New autism diagnoses tend to be clustered within specific NHS service regions, suggesting that location may influence autism diagnosis likelihood.
New research by the University of Cambridge with support from the London School of Economics and Political Science and Newcastle University addresses whether there may be an element of ‘postcode lottery’ when it comes to who receives an autism diagnosis.
An autism diagnosis can be a lengthy process. Firstly, the individual or their parents/guardian will speak with a healthcare professional, which may lead to an autism assessment by an autism expert. Following the assessment, a report will be given that will outline whether the professional delivers an autism diagnosis or not.
The research was published in The Lancet Child & Adolescent Health.
Analysing children with an autism diagnosis across England
The researchers used four years of data from the Summer School Census, which collected data from individuals aged between one and 18 year old in state-funded schools in England. There were 32 million pupils studied, and more than 102,000 children received a new autism diagnosis between 2014 and 2017.
When the team adjusted for age and sex, they found that one in 234 children was given a new autism diagnosis during that period. Moreover, new diagnoses tended to occur when children moved to a different or new school, whether that was into the nursery (one-three years), primary school (four-six years), or secondary school (10-12 years).
Do location, ethnicity, and social and financial situation impact diagnoses?
The researchers looked into four key areas: location, ethnicity, social and finance. This was to establish whether these areas impacted autism diagnosis likelihood.
Following the analysis process, they found that some areas in England stood out clearly for new autism diagnoses. For example, 45.5% of the NHS Rotherham catchment area had a higher-than-average new autism diagnoses cluster. At NHS Heywood, this amounted to 38.8% of its catchment area and 36.9% for NHS Liverpool, which indicates varying numbers of new autism diagnosis cases.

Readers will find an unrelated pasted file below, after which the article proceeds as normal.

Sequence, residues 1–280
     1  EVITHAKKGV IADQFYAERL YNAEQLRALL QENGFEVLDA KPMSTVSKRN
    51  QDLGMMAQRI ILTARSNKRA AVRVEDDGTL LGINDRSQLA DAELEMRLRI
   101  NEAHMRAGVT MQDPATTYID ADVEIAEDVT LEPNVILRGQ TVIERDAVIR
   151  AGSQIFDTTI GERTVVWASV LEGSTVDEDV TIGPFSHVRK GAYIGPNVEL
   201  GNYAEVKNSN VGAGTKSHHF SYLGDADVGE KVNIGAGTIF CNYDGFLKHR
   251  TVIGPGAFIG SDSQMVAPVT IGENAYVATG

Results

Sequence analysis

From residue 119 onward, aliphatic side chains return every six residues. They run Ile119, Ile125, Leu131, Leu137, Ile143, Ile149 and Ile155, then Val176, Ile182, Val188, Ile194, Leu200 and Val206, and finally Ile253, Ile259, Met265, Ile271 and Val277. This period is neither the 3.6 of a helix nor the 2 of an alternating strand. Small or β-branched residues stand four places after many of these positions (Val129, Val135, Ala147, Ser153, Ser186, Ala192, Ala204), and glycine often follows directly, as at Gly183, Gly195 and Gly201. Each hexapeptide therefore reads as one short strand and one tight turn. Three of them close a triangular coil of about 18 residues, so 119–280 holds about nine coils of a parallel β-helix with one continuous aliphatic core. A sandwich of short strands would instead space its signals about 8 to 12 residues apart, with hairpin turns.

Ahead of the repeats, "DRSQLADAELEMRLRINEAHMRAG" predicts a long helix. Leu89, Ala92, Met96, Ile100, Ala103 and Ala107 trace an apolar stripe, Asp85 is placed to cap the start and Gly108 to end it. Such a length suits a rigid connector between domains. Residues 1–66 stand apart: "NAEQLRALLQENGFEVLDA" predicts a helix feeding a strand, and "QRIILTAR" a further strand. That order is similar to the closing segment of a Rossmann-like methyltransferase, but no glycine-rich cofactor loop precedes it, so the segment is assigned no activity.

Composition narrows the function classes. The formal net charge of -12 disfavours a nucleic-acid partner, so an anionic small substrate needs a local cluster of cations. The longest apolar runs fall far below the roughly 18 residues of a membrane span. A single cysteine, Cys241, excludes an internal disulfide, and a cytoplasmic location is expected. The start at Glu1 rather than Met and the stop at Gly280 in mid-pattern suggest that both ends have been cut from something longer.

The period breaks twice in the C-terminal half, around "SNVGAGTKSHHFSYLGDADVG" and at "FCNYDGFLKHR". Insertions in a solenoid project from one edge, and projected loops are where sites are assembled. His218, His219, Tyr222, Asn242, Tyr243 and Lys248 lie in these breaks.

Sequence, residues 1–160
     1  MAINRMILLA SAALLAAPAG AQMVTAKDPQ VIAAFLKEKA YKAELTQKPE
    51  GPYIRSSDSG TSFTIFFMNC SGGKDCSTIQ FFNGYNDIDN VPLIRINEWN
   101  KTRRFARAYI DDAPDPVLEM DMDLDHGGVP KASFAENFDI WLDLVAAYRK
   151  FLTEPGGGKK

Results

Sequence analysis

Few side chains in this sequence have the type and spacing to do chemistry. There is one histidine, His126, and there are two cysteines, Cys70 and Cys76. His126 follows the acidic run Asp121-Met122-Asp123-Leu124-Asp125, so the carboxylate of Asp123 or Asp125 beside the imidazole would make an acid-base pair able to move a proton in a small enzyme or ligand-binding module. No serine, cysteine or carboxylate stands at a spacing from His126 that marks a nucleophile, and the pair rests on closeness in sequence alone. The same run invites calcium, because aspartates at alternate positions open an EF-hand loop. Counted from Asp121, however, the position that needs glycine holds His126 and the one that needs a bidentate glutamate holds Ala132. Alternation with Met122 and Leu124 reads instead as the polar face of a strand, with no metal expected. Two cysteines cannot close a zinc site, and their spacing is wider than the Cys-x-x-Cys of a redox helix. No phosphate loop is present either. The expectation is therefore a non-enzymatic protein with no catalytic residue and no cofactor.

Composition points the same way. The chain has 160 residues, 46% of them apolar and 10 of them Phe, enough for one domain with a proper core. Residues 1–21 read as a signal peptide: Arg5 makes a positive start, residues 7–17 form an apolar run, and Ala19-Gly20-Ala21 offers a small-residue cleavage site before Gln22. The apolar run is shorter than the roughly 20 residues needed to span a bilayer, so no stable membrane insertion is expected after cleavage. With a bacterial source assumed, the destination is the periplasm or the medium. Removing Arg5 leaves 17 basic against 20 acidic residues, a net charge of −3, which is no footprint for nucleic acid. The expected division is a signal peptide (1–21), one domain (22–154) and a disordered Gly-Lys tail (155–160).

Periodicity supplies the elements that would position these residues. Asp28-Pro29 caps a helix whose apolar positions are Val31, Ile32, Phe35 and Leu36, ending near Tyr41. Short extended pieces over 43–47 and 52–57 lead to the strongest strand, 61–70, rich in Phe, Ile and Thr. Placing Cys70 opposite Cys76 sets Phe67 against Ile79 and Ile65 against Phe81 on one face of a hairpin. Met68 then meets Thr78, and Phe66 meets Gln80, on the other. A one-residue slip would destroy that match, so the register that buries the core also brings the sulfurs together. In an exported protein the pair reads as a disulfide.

Furthermore, particular communities appeared to have different rates, which seemed to connect to ethnicity and deprivation.
Lead researcher Dr Andres Roman-Urrestarazu from the Department of Psychiatry and Cambridge Public Health at the University of Cambridge, said: “Autism diagnoses are more common among Black students and other minority ethnic groups. Why this is the case is not clear and so we need to explore the role played by social factors such as ethnicity and area deprivation as well as the nature of local services.”
The researchers found that autism diagnosis likelihood more than tripled in girls depending on their ethnicity, and social and financial situation compared to white girls without financial disadvantages who also speak English as their first language.
Contrastingly, the likelihood of boys receiving an autism diagnosis increased by more than five-fold depending on their ethnicity, social, and financial situation compared to white boys who speak English as their language and without financial issues.
Dr Robin van Kessel, the co-lead researcher from the Department of Health Policy at the London School of Economics and Political Science, said: “These new findings show how social determinants interact and can combine to significantly increase the likelihood of an autism diagnosis. As a result, individuals from a minority ethnic background experiencing economic hardship may be significantly more likely to receive an autism diagnosis than their peers.”
Professor Carol Brayne from Cambridge Public Health, said: “There are clear inequalities in an individual’s likelihood of receiving an autism diagnosis, whether they are socioeconomic factors, ethnicity or even which NHS region or local authority someone lives in.”